Gentle January and the wisdom of the church tradition

Have you taken down your decorations yet?  We have, and we have replaced them with bowls of bulbs as the promise of spring – something hopeful.  But we are also giving a nod to a continuing festive feeling with lots of candles, an open fire and a string or two of fairy lights still hanging about.  It is too damp and dark to let go of that Christmas cosiness just yet. 

In fact, I am curious as to why we feel often compelled to embrace austerity and discipline at this particular time of year, making resolutions to embrace a new diet just as we return to work post-holiday or to refresh a running regime at the coldest and muddiest time of year.  I wonder why we have to make January harder than it already is, especially this year.

That is not to say we don’t need to make adjustments to diet, exercise or other parts of our lifestyle, sometimes urgently.  And the peak of Christmas festivities should probably not last for very long.  But this year, I’m sticking with the older traditions of the church calendar.  Here, a smaller sense of festival and pleasure continues on and off until the end of January, as we work our way through the revelries of Epiphany, the blessings of Plough Monday (when ploughing the fields for spring sowing historically re-started), and the celebration of the Baptism of Christ, until we reach the Feast of the Presentation of Christ at Candlemas.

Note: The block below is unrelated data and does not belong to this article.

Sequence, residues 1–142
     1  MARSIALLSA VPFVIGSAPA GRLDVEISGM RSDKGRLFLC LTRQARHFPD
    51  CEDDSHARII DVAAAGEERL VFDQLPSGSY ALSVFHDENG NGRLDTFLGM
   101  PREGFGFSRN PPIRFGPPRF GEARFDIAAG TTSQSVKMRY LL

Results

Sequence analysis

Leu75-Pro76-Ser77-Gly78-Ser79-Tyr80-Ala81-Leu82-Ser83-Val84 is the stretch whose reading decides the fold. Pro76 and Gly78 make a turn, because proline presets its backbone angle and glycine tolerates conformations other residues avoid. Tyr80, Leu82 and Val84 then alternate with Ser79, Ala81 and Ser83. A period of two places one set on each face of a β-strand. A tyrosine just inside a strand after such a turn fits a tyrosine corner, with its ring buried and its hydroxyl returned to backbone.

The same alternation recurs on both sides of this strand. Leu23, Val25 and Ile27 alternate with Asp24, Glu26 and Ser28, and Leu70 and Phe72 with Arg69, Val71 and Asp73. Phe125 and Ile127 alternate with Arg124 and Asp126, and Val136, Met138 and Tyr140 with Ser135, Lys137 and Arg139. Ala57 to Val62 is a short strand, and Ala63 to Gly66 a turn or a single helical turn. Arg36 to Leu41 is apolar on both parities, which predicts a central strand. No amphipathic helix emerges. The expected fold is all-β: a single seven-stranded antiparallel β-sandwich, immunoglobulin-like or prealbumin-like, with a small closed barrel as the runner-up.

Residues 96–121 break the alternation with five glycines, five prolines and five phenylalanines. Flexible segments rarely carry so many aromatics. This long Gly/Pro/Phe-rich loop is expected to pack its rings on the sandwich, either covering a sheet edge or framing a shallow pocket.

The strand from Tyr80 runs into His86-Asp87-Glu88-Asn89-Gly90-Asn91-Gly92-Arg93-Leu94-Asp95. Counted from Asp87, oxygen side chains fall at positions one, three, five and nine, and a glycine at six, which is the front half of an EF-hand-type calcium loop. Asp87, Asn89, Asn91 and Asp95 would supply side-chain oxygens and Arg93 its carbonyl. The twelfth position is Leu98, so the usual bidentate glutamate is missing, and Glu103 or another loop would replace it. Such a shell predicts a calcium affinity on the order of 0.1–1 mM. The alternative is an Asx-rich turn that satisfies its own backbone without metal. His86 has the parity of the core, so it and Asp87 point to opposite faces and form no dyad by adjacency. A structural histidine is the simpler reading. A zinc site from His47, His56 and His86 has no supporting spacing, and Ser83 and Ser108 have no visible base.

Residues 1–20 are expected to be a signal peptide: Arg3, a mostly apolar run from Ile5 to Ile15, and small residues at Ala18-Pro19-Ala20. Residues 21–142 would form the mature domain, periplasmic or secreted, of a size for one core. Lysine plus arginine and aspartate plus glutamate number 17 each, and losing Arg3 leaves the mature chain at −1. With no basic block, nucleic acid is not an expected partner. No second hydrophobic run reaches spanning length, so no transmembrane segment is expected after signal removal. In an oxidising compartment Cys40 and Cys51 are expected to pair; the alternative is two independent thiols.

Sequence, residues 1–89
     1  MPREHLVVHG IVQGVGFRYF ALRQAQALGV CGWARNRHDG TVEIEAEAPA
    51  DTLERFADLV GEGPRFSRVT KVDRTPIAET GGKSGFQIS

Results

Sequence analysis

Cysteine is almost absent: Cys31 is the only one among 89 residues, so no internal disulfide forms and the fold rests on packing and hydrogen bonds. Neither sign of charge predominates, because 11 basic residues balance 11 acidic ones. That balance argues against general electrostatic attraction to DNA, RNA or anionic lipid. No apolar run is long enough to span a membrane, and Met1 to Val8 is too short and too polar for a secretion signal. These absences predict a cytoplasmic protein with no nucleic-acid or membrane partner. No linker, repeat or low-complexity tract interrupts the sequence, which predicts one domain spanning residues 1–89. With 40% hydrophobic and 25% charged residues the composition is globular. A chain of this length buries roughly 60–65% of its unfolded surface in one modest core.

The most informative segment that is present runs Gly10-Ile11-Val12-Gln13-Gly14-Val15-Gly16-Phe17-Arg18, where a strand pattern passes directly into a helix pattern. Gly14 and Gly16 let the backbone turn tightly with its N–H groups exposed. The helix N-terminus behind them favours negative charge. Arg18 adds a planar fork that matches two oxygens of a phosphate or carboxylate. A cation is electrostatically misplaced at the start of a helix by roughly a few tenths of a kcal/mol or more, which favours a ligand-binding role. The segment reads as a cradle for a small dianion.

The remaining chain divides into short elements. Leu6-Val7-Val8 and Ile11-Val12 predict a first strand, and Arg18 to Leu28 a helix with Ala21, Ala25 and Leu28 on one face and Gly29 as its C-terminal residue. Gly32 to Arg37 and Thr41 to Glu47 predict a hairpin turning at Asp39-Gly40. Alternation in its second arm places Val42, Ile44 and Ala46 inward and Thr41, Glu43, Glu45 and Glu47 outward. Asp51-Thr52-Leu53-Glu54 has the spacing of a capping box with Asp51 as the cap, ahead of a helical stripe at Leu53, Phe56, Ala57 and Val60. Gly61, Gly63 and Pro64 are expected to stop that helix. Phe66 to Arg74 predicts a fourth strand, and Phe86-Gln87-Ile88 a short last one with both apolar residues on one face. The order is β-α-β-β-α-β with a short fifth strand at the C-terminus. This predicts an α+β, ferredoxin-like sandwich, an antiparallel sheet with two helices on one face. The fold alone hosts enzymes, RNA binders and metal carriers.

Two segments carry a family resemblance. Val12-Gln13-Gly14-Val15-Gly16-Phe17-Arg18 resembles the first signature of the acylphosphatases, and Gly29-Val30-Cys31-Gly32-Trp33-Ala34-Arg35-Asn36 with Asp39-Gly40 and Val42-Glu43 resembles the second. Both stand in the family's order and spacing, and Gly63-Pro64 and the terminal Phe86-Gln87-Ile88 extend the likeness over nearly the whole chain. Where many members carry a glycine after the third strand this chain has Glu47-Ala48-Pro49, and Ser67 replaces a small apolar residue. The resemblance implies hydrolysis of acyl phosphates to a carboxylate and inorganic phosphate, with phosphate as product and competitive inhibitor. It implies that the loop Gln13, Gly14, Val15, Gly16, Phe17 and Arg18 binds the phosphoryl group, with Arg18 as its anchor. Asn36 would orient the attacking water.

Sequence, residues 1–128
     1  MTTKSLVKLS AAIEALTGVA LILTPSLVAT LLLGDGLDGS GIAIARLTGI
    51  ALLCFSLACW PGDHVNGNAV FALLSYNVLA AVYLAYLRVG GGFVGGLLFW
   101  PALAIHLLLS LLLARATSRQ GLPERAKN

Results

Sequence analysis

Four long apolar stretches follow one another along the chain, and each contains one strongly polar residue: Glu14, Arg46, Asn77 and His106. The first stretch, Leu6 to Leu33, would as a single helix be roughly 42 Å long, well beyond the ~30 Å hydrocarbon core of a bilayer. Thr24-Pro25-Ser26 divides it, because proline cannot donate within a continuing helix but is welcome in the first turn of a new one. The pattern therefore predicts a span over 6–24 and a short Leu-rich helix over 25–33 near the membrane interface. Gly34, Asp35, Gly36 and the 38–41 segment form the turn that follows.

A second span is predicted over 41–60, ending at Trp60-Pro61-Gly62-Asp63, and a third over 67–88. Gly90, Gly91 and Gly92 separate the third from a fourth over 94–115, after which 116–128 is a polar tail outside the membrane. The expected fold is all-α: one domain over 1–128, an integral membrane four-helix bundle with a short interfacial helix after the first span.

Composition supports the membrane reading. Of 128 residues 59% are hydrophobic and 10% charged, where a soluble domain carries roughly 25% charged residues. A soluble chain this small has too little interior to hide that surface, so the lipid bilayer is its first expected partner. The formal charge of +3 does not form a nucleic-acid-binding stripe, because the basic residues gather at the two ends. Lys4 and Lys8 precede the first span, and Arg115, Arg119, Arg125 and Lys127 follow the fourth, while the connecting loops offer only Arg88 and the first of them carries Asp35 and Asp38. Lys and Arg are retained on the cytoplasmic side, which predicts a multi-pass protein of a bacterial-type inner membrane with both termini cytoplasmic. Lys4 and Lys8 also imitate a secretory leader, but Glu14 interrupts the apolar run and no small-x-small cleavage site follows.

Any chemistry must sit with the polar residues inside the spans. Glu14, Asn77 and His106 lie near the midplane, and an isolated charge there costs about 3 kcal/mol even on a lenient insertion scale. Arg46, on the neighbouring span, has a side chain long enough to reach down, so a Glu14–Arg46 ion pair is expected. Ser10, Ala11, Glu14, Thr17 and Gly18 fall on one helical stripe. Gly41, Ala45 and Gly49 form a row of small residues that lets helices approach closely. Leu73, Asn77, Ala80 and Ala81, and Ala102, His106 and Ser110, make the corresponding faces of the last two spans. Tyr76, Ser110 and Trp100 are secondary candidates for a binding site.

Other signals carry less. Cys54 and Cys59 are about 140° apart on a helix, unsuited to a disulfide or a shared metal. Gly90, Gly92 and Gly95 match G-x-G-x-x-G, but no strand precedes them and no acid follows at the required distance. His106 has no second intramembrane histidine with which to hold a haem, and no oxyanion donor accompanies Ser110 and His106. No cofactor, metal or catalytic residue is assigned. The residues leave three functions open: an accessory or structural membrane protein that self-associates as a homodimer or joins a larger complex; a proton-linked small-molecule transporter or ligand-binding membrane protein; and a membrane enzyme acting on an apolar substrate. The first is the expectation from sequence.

From here it is a hop, skip and a jump to Ash Wednesday and Lent.  At which point, having survived the winter and with spring on the horizon, we are arguably more likely to succeed in the necessary work of self-reflection, self-discipline and change.  We are unlikely to be out of the woods pandemic-wise even then, but we will be closer.  So I for one will take the wisdom of church tradition to heart this year and go gently into January.

And if you are still looking for a New Year’s resolution this year, why not resolve like to me to start the year praying these phrases from the Methodist Covenant Prayer.  “I am no longer my own but yours… I freely and wholeheartedly yield all things to your pleasure and disposal… You are mine and I am yours.”

Image by svetlanabar from Pixabay

About Alison Myers

I am Team Rector for the Lordsbridge Team of Churches, a cluster of 11 villages west of Cambridge. Within the Team, I am Vicar of Hardwick and Dry Drayton, and Lead Minister for Pioneering Projects.
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